Famed comedienne Phyllis Diller once said, "Cleaning your house while your kids are still growing is like shoveling the sidewalk before it stops snowing." Many parents realize that having children means their homes will be filled with a vast assortment of toys, clothing and other items that seemingly spend more time scattered across the family room floor than in children's bedrooms.
Homes where young children lay their heads at night may not be as tidy as the photos lining home decorating magazine spreads. But while lived-in family homes may never be spotless, they do not have to be overrun with clutter, either. It's possible to find a happy balance with the right strategy and by investing in a few organizational products.
• Work one room at a time. Cleaning up cluttered homes can seem like a monumental effort when looking at clutter as a whole. But parents can do themselves a favor by choosing a starting point and tackling the project one room at a time. Find the room that needs the most work or a space where clutter causes the biggest headaches. Once you clean such rooms, you may discover extra motivation to move on to the others.
• Resist the urge to wander. One of the obstacles many people face when attempting to declutter a home is the tendency to remove an item from one room only to add it to the existing clutter in another room. For example, if a child's toy is in the living room, you may walk that toy up to the bedroom and get involved in tidying up the bedroom, leaving the mess behind in the living room. When organizing a home, stay in a particular room until that room is clean. Have designated bins or bags for items that need to be carried into another room, but only transfer such containers after a room has been cleaned.
• Cull twice a year. Children accumulate the greatest number of new toys on birthdays and holidays. Set a schedule to go through existing toys prior to these events and sort out the broken, old or seldom-used items. Donate these toys to preschools, afterschool programs, family support centers, or babysitting centers at your office or gym. Whatever can't be salvaged should be put into the trash or recycling bins.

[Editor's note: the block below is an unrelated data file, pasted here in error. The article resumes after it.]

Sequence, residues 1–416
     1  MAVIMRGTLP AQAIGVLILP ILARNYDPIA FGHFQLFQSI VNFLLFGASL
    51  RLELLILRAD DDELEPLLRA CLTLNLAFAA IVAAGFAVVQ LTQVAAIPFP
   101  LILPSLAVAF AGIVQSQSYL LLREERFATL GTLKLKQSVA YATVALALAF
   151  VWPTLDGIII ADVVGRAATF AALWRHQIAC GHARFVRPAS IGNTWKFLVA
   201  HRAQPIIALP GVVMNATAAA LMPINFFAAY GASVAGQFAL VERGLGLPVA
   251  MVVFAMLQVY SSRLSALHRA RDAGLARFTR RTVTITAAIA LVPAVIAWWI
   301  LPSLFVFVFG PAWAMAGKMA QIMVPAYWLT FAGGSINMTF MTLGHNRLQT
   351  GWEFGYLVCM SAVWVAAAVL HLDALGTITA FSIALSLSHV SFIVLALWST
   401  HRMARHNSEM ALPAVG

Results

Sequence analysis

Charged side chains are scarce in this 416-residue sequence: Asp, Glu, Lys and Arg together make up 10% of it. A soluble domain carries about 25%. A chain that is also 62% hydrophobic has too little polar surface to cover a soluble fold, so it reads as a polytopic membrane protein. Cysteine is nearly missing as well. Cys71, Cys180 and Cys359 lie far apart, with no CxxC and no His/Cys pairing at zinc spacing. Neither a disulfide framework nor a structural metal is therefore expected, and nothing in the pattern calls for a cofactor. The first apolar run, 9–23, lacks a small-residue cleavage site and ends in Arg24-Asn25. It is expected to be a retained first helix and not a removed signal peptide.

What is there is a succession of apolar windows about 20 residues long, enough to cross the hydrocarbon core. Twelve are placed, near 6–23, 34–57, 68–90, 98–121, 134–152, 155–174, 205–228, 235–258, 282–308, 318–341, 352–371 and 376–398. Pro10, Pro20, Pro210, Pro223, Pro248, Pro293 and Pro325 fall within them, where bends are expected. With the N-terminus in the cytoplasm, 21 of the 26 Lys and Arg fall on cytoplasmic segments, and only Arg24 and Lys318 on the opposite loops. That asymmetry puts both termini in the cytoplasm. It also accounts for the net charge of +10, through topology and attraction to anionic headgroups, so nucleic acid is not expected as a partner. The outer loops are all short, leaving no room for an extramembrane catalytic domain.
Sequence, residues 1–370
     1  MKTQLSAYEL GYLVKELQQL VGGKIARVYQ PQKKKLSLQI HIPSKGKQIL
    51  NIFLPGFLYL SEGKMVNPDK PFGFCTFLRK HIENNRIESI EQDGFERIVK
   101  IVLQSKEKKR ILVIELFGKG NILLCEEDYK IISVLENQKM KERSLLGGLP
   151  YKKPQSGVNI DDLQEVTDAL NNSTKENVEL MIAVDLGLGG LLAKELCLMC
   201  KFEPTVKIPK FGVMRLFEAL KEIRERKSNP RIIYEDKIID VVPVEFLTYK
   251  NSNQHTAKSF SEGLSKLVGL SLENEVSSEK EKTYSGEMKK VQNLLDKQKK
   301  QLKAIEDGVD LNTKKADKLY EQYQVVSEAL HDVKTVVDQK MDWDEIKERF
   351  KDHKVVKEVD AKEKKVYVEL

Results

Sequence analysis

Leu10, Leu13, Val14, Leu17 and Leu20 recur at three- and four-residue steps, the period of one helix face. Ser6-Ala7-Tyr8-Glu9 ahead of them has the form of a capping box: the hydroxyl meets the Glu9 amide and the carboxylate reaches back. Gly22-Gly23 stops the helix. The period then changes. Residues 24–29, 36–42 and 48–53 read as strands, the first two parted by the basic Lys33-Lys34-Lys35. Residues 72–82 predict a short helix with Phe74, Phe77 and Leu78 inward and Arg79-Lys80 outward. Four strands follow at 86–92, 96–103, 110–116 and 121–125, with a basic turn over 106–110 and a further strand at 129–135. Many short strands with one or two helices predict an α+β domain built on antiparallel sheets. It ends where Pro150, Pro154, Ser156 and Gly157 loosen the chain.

• Invest in storage cubes and bins. Toys that are easily accessible and seen are easier to find and put away. Develop a storage system that works for your family. Labeling bins with words (or pictures for children who can't yet read) helps children identify where things belong. Find a system that will have long-term functionality and grow with the family. Many stores sell storage bookcases that blend with home décor.
• Tame the toys. Making too many items available at any given time can become overwhelming to children. Rotate toys rather than always buying new ones so that items will be fresh and interesting. Toys out of the rotation can be stored in a basement or attic. Belongings that are not requested or missed can be given away. Another idea is to create wishlists for birthdays and holidays. This way friends and relatives only buy what kids want, rather than an array of toys that may just end up taking up space.
• Get items off of the floor. Any organizational system that can move items vertically is beneficial. Children will become accustomed to hanging things up rather than leaving belongings on the floor. Hooks, hangers and shelving mounted on walls, will free up precious floor space.
• Choose furniture that serves double duty. Beds with drawers underneath or a toy chest that doubles as a bench can work well in spaces that need some clutter control.
• Establish a school memory box. Parents can give each of their children a plastic bin where they can store memorable items from school. Not every assignment or drawing sent home needs to be kept. Reserve the memory box for those special things that have the most meaning.
Kids and clutter often go hand in hand. However, there are ways to keep the mess under control.